Dollars and Chainsaws: Assessing Milei’s Campaign for Dollarization in Argentina


Throughout the campaign, the ultraliberal candidate, Milei, faced a significant challenge in explaining where the necessary funds for dollarizing South America’s second largest economy, Argentina, would come from. This issue became even more pressing considering Argentina’s lack of US dollar reserves, which poses a serious problem for the country’s economic stability.

A situation where Milei is attempting to make a “limonada” without any limes accurately depicts the challenging predicament. Without any cash reserves, it seems unrealistic to pursue such a drastic economic change.

One of the prominent symbols of Milei’s campaign is the “motosserra,” a tool that represents the candidate’s desire to drastically reduce government spending. It is no secret that Argentina’s government consumes a significant portion of the Gross International Product (GIB), with a staggering 40% expenditure. Milei claims that the motorcycle represents one-third of all government expenses, symbolizing the urgent need for spending cuts.

However, the motosserra’s power seems to be dwindling as the campaign progresses. In the second round, Milei’s tone softened, and the candidate expressed a more moderate approach. While Milei has been critical of Argentine government subsidies in the past, the candidate now promises gradual change rather than sudden shocks to the system. Milei reassured the public that there would be no major increases in the cost of electricity or fuel, attempting to alleviate concerns about potential economic volatility.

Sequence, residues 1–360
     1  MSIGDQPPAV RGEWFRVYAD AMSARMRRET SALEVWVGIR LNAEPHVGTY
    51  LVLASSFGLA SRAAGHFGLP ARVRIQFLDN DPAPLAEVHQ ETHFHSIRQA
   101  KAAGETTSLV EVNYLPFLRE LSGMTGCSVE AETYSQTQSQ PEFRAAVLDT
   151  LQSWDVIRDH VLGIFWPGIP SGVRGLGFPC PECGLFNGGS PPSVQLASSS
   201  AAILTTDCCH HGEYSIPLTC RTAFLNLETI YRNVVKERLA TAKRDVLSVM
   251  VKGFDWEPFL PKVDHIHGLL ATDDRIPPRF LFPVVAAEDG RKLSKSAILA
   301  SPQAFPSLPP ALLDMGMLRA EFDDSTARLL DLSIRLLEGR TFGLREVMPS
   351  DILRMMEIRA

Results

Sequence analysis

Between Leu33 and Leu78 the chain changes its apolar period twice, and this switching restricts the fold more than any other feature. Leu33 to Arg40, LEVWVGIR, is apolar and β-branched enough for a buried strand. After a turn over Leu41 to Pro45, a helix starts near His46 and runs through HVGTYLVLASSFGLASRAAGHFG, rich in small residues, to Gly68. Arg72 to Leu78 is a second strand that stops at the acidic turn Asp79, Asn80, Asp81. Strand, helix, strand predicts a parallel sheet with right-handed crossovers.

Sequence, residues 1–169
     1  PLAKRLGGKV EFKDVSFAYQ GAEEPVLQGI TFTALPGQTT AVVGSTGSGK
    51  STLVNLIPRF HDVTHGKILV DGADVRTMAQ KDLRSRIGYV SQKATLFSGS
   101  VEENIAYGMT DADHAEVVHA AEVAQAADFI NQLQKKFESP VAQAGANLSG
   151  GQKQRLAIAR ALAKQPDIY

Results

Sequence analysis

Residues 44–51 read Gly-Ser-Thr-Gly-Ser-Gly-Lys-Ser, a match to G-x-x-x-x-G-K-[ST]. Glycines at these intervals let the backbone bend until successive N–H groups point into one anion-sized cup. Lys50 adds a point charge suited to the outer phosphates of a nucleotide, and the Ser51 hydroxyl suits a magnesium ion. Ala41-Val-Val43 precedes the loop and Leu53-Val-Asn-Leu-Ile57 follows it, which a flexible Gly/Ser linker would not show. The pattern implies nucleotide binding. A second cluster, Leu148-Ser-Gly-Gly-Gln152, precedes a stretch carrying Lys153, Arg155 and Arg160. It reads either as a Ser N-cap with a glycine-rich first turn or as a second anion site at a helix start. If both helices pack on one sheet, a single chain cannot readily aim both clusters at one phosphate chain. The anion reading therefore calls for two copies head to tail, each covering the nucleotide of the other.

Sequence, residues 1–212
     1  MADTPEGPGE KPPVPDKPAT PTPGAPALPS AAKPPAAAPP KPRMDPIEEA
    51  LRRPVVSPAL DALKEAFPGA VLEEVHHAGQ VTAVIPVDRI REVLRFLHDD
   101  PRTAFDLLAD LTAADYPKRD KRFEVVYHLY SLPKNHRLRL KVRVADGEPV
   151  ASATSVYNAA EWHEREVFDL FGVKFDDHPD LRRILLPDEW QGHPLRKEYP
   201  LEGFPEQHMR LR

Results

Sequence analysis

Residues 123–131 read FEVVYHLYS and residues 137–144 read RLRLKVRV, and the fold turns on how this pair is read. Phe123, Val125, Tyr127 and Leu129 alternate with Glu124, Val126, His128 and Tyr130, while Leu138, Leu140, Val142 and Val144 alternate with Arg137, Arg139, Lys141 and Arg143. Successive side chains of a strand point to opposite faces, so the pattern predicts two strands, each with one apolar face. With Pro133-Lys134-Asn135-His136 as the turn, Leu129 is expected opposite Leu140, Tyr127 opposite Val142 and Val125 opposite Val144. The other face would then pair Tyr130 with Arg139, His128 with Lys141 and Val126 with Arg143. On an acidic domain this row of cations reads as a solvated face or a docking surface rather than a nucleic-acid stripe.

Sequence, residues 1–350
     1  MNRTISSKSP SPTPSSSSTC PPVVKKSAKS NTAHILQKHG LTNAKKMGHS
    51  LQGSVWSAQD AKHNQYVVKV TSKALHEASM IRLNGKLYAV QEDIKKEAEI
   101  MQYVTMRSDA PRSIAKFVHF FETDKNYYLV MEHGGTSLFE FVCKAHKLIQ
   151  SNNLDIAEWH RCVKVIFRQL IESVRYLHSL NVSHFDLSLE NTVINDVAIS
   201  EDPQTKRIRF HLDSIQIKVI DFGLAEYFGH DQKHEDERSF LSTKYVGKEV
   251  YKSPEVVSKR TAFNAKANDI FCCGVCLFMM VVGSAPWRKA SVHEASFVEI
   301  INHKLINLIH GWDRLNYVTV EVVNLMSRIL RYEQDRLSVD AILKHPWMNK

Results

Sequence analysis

Meanwhile, Sergio Massa, another prominent candidate, adjusted his plans to shrink the size of the state amid widespread fear-mongering tactics from the government. Massa decided not to fire public employees or privatize the education and healthcare systems, indicating a more cautious approach to proposed changes.

This shift in tone from both candidates appears to be politically strategic. Sergio Massa aimed to secure the votes of Radical voters, who played a significant role in putting him in second place during the first round. By moderating his plans, Massa hoped to appeal to this crucial group of voters and convince them to support him on election day.

Looking ahead, the question that remains is whether Milei will be able to translate her campaign promises into action if she wins. While the candidate has expressed a desire to implement significant changes, it will still require careful planning and cooperation with various stakeholders to effectively execute these plans. The challenge lies not only in finding the necessary funds for dollarization but also in managing the potential economic impacts and ensuring a smooth transition to the new system.

In conclusion, Milei’s campaign faced obstacles in explaining the feasibility of dollarizing Argentina’s economy, given the country’s lack of US dollar reserves. The campaign’s symbol, the motosserra, represented Milei’s desire to reduce government spending, but the candidate’s tone softened in the second round. Sergio Massa also adjusted his plans to appeal to Radical voters. The ultimate test lies in Milei’s ability to turn promises into action and effectively implement the proposed changes if elected.